Oped: “Get a 500k Credit Limit! No Credit or Financial Statements Needed!” was the advertisement I received today on a popular Whatsapp Group. Immediately, I thought: “Where have we gone wrong?”
“Get a 500k Credit Limit! No Credit or Financial Statements Needed!” was the advertisement I received today on a popular Whatsapp Group. Immediately, I thought: “Where have we gone wrong?”
Allow me to backtrack:
When I was a bochur, shortly before I got married, the infamous Sterling Electronics and Toner Inc scandals came to light. Many of my friends and other members of the frum community across all ages allowed a stranger to swipe tens of thousands of dollars, some well into six figures, of their money, money they did not even have, to earn credit card points and airline miles. When they were told that they weren’t being paid back, they were stuck with the debt. Many are still feeling the repercussions today. They are in court, in debt, fighting bankruptcy, have destroyed credit, and spend their time chasing away creditors. They are unfortunate victims of an evil scheme.
Yes, perpetrators of financial fraud exist in every community, but somehow, in our communities, so many more “regular” people seem to get caught up in them.
So I ask again: “Where have we gone wrong?”
Another example: A number of years ago a well-meaning friend of mine recommended to me a popular “accountant”.
It was my first time ever filing taxes and I did not know much about the process, pricing, etc. He called himself a “tax filer” (which I later discovered is not an actual accountant) and told me he charges a percentage of the refund. My taxes that year necessitated something a little more complex than the standard filing, and he did not know how to do it.
He assured me that he is still able to make my refund larger than if I were to go to someone else who does it “properly.” He told me all sorts of “tricks” he can do. Was I actually eligible for these “tricks” he suggested? Was I truly eligible to make certain deductions? But then again: I am not the expert; he knows what he’s doing. But something told me to do some more digging. He says he charges a percentage of the refund so that he is incentivized to get me the largest refund possible. But the flip side of that is that he is incentivized to lie in my name with no risk to himself so that he can make the most money. I also realized that the 10% fee can very quickly become exorbitant.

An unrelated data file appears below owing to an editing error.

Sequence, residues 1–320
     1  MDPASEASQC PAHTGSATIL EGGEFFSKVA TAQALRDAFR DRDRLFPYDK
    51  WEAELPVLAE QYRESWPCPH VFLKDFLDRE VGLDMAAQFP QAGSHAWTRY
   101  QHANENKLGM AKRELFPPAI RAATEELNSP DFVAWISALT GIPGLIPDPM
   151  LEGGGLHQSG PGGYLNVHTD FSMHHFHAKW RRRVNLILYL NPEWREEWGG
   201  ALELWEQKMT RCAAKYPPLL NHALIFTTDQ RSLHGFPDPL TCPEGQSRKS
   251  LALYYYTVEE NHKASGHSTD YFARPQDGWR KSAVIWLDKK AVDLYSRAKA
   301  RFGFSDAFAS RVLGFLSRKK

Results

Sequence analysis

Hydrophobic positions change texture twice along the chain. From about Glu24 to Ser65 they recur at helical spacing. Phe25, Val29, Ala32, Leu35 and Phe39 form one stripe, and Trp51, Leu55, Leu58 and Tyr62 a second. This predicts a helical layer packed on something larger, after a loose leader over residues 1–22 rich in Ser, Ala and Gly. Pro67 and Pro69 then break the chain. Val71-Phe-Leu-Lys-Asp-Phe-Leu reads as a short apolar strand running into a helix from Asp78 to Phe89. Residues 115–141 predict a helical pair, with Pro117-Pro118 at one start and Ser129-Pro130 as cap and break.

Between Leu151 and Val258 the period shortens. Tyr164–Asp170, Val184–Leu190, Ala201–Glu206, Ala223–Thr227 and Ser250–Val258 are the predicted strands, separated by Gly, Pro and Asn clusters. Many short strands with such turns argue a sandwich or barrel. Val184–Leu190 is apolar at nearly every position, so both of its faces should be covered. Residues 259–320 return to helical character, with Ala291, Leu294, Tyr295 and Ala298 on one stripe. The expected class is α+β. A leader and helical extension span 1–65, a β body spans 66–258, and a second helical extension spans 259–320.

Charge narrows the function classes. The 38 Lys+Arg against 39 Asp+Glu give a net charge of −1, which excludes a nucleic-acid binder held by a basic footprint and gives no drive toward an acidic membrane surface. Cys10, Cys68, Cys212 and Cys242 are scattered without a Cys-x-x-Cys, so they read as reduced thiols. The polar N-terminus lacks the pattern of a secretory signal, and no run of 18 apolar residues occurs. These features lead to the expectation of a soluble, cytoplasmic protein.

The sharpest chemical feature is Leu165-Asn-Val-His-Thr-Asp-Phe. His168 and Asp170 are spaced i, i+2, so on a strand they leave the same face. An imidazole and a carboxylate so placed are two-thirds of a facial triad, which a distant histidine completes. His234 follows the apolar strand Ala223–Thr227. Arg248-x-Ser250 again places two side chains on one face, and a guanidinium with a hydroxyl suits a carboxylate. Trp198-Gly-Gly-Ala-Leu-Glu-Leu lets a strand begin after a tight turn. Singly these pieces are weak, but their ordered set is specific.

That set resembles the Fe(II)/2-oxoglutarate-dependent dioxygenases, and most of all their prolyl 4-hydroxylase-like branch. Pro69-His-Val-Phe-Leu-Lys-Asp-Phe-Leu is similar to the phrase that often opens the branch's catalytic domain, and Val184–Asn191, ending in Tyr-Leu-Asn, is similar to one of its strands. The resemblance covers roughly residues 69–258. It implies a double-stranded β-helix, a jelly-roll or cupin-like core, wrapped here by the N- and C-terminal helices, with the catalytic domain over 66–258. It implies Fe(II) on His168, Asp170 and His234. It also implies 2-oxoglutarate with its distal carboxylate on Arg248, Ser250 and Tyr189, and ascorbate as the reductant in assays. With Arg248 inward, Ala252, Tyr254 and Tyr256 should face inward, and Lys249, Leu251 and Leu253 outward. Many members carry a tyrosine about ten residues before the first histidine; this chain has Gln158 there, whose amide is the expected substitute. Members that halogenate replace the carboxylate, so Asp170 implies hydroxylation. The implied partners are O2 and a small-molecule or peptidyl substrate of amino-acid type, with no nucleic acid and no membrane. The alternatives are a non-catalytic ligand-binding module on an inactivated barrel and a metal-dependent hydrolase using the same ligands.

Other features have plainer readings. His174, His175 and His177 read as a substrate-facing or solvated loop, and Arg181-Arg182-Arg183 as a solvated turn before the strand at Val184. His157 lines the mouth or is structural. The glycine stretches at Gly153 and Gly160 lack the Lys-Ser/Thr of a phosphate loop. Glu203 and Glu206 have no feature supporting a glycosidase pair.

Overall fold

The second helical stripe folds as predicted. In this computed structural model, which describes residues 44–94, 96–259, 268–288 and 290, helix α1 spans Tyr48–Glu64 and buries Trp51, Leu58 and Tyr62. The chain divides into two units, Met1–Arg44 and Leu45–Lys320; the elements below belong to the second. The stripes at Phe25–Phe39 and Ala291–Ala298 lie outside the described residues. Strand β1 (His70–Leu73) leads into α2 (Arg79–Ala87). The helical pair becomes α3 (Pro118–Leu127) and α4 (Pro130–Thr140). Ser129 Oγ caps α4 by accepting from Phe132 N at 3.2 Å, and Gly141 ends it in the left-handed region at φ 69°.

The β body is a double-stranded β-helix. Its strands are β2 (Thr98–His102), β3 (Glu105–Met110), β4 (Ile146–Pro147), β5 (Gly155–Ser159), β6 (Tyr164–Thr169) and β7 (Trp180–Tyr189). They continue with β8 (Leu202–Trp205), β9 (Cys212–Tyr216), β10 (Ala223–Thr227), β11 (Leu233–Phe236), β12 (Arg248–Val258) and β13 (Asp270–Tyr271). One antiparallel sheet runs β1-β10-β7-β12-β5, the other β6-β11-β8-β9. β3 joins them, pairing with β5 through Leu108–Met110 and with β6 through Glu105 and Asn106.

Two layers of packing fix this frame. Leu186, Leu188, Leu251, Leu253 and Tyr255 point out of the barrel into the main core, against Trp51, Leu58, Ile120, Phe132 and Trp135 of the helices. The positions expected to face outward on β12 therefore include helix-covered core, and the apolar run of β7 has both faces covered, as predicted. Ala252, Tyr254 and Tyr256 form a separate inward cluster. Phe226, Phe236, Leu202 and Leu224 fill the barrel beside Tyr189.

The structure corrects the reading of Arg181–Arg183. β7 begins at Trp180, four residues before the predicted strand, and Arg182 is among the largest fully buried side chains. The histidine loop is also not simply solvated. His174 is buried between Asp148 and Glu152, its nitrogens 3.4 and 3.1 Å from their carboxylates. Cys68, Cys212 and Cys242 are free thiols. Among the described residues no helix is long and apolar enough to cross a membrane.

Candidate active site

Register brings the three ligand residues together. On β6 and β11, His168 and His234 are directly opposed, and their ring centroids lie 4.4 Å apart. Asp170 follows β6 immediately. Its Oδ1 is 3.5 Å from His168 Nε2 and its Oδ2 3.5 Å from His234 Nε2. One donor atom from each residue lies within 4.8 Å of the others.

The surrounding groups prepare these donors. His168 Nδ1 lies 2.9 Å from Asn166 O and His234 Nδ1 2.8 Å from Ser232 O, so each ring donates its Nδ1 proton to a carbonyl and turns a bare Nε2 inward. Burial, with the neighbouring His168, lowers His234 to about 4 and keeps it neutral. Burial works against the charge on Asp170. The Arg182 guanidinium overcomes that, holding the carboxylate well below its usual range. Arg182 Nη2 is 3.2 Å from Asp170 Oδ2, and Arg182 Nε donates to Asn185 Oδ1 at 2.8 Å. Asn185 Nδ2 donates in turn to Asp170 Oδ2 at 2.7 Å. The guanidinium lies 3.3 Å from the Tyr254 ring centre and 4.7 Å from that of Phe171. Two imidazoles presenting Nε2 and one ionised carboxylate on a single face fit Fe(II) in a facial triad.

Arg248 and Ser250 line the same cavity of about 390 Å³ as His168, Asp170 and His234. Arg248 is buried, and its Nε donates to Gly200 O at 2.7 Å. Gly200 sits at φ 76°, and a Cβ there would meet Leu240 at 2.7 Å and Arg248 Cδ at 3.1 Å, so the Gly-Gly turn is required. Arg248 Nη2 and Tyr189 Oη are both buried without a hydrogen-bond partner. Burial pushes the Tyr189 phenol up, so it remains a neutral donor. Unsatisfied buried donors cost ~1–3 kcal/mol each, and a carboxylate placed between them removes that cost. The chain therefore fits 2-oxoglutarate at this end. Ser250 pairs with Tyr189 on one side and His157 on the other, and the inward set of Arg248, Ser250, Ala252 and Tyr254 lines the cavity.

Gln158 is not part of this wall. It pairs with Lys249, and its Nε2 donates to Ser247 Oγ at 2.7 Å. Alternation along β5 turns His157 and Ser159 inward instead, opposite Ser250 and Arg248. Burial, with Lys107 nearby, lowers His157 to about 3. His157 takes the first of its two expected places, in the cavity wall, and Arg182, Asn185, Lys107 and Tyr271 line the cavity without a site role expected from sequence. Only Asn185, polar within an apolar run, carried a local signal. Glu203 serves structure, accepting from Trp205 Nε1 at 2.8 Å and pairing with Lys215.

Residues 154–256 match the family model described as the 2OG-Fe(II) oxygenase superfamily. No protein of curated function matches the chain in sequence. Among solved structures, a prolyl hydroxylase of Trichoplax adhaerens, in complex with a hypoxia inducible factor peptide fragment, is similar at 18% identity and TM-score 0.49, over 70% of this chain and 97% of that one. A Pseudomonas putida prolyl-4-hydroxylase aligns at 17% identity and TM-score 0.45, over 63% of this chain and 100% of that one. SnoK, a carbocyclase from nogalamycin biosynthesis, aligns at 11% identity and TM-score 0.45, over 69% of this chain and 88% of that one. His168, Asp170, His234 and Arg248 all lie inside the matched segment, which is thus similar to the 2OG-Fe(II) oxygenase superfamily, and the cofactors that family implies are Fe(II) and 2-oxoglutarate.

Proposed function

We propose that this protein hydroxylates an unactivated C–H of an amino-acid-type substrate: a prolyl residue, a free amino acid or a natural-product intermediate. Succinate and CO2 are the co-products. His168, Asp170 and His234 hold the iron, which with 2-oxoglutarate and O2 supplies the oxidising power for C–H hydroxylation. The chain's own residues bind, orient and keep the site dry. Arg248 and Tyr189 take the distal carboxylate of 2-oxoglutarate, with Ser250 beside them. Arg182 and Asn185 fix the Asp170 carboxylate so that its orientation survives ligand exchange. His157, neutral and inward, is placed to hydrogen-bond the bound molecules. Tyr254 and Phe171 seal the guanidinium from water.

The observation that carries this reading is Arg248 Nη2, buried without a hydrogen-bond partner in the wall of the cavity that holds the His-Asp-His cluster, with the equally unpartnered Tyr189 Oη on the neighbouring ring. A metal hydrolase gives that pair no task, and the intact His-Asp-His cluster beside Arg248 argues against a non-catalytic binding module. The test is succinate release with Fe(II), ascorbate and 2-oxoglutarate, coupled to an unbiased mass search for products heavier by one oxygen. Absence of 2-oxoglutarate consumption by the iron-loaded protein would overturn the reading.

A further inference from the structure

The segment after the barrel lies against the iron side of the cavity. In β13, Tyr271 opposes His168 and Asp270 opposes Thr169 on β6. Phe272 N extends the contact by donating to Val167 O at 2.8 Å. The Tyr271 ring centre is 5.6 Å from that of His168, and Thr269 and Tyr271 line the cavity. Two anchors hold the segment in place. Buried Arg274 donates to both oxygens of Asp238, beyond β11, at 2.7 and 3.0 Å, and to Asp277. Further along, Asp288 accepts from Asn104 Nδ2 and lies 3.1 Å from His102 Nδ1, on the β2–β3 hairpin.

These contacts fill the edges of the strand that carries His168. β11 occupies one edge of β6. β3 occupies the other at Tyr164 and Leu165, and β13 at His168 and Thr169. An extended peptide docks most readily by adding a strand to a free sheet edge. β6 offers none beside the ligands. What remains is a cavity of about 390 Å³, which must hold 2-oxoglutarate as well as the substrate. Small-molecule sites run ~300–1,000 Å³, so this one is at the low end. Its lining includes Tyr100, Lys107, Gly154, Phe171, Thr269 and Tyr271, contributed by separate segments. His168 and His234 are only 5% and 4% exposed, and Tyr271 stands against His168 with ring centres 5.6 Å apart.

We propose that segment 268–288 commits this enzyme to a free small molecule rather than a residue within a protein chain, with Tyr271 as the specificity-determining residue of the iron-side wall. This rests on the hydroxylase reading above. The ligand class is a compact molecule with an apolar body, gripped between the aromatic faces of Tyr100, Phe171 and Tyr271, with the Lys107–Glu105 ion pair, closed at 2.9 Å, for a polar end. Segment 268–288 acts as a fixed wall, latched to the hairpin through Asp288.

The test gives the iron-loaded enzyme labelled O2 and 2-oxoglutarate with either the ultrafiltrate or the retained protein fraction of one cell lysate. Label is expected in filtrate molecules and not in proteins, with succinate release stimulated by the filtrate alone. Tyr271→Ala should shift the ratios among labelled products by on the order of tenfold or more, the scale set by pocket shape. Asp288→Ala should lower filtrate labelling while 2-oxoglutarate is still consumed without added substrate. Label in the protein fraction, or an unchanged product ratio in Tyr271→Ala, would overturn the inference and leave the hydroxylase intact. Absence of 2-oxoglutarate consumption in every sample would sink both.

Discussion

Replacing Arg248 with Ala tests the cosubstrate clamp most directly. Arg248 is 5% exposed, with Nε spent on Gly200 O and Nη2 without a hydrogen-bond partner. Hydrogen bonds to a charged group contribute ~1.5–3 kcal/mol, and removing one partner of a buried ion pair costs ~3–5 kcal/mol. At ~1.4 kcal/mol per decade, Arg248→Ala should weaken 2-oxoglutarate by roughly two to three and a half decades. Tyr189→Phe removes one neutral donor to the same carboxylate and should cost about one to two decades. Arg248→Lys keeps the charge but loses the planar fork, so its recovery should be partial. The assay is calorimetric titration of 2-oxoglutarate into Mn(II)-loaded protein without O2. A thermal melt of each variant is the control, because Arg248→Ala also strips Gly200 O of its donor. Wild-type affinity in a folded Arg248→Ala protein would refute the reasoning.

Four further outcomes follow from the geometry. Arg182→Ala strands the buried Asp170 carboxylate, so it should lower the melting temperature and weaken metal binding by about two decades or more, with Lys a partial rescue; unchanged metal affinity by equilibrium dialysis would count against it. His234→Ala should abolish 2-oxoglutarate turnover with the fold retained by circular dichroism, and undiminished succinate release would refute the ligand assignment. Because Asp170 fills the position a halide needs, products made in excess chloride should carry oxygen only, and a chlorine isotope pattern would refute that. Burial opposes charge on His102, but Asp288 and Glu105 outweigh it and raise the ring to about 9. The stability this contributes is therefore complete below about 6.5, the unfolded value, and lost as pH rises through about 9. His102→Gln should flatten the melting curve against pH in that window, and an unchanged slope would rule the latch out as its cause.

On the IRS website, it says: “Taxpayers should avoid tax return preparers who base their fees on a percentage of the refund or who offer to deposit all or part of the refund into their own financial accounts. Be wary of tax return preparers who claim they can get larger refunds than their competitors.”
After doing some more digging and asking around I discovered that this same individual, who has many kollel yungeleit as clients, will utilize certain tax credits for them, sometimes even to their own detriment, by taking advantage of limited tax credits that are not best utilized in kollel.
“My clients only get audited about 5% of the time,” he told me. At least he was honest about that.
In truth, a large part of why this seems to affect us so much is actually due to one of the frum community’s most enviable qualities. The close-knit community and high level of trust we have for one another allows cunning people to take advantage of this and prey on members of the community. Something good will always be taken advantage of by bad actors.
In fact, Chazal tells us that even our holy Torah, an elixir and our source of life, can be an elixir of death when weaponized.
I fully understand the financial challenges we as a community face. However, we still need to be vigilant about who we trust.
But it’s more than that. It’s not only corrupt people taking advantage of the vulnerable.
It’s also us. The regular folk. The everyday person. Well-meaning people who find excuses why they don’t need to be fully honest in this scenario or another.
I will not go into specifics, instead, I will simply quote a Gemara in Yoma: “…One who reads Torah, and learns Mishna, and serves Torah scholars, but his business practices are not done faithfully, and he does not speak pleasantly with other people, what do people say about him? Woe to so-and-so who studied Torah, woe to his father who taught him Torah, woe to his teacher who taught him Torah. So-and-so who studied Torah, see how destructive are his deeds, and how ugly are his ways.”
The Torah is meant to elevate us to be upright and honest in everything we do. If we have become desensitized to the opposite, to the point that no one bats an eyelash, then it is truly, “Woe onto us.”
This takes me back to the advertisement I saw today on WhatsApp.
I saw this ad soon after a frum influencer was paid to publish ads in frum magazines and run a social media campaign encouraging people to give their money to an investment firm that was later discovered to have not been fully honest. (I wonder why they didn’t advertise in the Wall Street Journal …) This was immediately followed by a story of a “frum” fraudster pardoned by Trump who was caught again allegedly swindling people. So when I see this ad, I’m sure now you can understand my reaction.
We are supposed to be an Am Chochom v’Novon, and an honest and upright people, commanded by Hashem to engage with others and our government honestly.
Where have we gone wrong? What is wrong with us?
Tanna Debei Eliyahu Rabbah:
“Hashem Said to Bnei Yisroel: My Beloved Children, All I ask is that you love one another, honor and be reverent of one another. Don’t sin, don’t steal, and don’t do anything objectionable that will lead you to be blemished forever.”
Part 2 to follow.
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